- Author: Ben Faber
A 'Meyer' lemon should be quite happy along the coast, unless it gets planted in new soil that has low copper because of high soil pH or high organic matter. And then you wonder what is wrong.
Mild copper deficiency is usually associated with large, dark green leaves on long soft angular shoots. Young shoots may develop into branches which appear curved or “S-shaped," referred to as “ammoniation” usually resulting from excessive nitrogen fertilization. It's actually thought to be too much nitrogen relative to copper in the plant and can be corrected by foliar sprays. Twigs can develop blister-like pockets of clear gum at nodes. As twigs mature, reddish brown eruptions may occur in the outer portion of the wood. It can be quite shocking. Severely affected twigs commonly die back from the tip with new growth appearing as multiple buds or “witches broom”. Necrotic-corky areas on the fruit surface may sometimes occur in extreme situations. In some cases fruit cracking occurs with exudates.
Copper deficiency is more likely to occur in new plantings on previously uncropped soils, which are usually deficient or totally lacking in copper. In California, it has been referred to as “corral” disease or “midden” disease because it is associated with high organic matter that ties up the copper, or old Native American sites were debris had been piled. It is often localized in certain areas. Once I saw it on nursery trees that had had inadequate copper in the nutrient solution. I've only seen it on citrus, and not any other subtropical like avocado, but that doesn't mean it can't happen.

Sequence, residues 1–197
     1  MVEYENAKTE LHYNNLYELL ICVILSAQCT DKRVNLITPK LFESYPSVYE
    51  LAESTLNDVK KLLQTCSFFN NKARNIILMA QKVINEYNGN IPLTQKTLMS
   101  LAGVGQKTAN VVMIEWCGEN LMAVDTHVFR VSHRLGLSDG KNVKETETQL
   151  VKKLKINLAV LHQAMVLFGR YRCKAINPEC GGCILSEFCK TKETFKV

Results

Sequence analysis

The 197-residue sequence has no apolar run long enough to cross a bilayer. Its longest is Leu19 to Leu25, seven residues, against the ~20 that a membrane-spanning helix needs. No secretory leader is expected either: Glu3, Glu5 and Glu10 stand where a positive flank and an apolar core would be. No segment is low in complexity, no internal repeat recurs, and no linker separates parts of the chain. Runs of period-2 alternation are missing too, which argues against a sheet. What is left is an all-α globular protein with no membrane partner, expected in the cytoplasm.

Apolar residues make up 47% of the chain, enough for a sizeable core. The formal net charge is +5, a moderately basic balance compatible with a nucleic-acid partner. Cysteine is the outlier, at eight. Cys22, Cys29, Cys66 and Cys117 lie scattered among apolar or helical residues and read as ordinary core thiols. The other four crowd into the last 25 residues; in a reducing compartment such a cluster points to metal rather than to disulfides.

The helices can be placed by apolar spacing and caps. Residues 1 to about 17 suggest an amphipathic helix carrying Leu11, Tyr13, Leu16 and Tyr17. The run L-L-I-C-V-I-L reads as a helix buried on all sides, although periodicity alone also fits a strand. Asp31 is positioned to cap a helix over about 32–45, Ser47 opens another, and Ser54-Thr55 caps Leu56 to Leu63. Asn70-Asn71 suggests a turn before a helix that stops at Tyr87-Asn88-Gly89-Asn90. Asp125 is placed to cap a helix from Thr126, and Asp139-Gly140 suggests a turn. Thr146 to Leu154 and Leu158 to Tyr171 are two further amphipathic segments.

I've also seen gummosis similar to this occurring with drought and water management. It more commonly occurs as a twig die back at the tips. And certainly Phytophthora gummosis will show gumming. It's that little gumming pocket under the bark is usually the way to distinguish copper deficiency from these two others.
Pictures: pocket gumming (U. of Florida), oozing (Yara), gumming, and more gumming not a worm